|Ethical Issues in Relationships & Sexuality||Discuss human sexuality, including the differences between public and private aspects of sexuality, the double standard, and moral issues of cheating, premarital sex and pornography.|
|Bioethics Impact on Medicine & Morality||Learn to define biomedical ethics and explore its application to health care professionals' relationships to their patients and issues relating to experimentation and genetics.|
|Ethics & Morality in Business||Consider various ethical issues in business such as ethics policies and safeguards, creating an ethical climate, diversity in the workplace and affirmative action.|
|The Environment & Ethics||Examine environmental laws, global warming, world energy consumption, endangered species and life-centered versus human-centered ethics.|
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What to Expect For the Exam
This Study.com course has been evaluated and recommended for college credit. Once you've completed this course, you can take the proctored final exam and potentially earn credit. Follow the steps below to take the exam.
Before taking the exam, all of the following requirements must be met:
|A College Accelerator Study.com membership.|
|Completed all lessons in Philosophy 102: Ethics in America course and achieved 100% Quiz Progress.|
|Not attempted to take this exam within the last three days.|
|Have available proctored exams in this month of membership.|
|Have not taken this exam three times. (0/3)|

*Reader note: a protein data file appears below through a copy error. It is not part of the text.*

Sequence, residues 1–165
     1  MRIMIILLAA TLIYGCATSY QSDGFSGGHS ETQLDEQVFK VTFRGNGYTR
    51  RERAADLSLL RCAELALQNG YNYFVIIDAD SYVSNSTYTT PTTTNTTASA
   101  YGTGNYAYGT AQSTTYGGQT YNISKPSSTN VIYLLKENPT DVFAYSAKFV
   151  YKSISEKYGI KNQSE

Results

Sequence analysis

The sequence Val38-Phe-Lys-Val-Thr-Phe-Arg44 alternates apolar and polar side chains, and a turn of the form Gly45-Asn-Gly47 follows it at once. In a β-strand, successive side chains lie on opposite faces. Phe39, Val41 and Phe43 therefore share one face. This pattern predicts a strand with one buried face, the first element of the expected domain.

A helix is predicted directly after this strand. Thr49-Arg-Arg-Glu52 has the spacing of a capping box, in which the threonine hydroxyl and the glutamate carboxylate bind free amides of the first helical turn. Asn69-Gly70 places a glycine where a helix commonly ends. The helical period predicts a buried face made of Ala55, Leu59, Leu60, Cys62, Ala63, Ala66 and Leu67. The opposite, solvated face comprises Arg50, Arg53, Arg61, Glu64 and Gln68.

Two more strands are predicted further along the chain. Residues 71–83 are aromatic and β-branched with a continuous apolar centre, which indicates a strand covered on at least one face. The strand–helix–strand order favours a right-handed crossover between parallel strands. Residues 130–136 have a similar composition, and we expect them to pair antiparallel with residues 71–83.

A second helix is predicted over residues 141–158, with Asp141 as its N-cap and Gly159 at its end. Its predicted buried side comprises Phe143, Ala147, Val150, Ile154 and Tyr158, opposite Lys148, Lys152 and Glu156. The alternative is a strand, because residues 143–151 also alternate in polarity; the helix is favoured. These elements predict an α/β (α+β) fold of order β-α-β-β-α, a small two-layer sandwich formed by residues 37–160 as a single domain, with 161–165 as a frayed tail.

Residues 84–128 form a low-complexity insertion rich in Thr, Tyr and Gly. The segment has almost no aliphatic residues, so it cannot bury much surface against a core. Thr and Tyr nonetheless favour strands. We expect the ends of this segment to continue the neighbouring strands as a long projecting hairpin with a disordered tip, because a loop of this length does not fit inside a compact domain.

|Complete the exam readiness quiz.|
Please meet all of the pre-requirements in the Pre-Exam Checklist in order to take the exam.
Exam Process Details
1. Register For Exam
Registering for the exam is simple. First, be sure you meet the system requirements. Next, you'll need to agree to the academic integrity policy. Then just confirm your name and the exam name, and you're ready to go!
2. Download Software Secure
You'll receive an unique access code. Please write this down — you'll need it to take the exam. Then download Software Secure and follow the installation instructions.
3. Take Exam
The exam contains 50 - 100 multiple choice questions. You will have two hours to complete the exam, so don't start until you're sure you can complete the entire thing. And remember to pace yourself!
4. Get Exam Results
We will send you an email with your official exam results within 1 to 2 weeks. If you would like to raise your grade after receiving your exam results, you can retake quizzes with fewer than 3 attempts. You will then need to retake the final exam.
Earning College Credit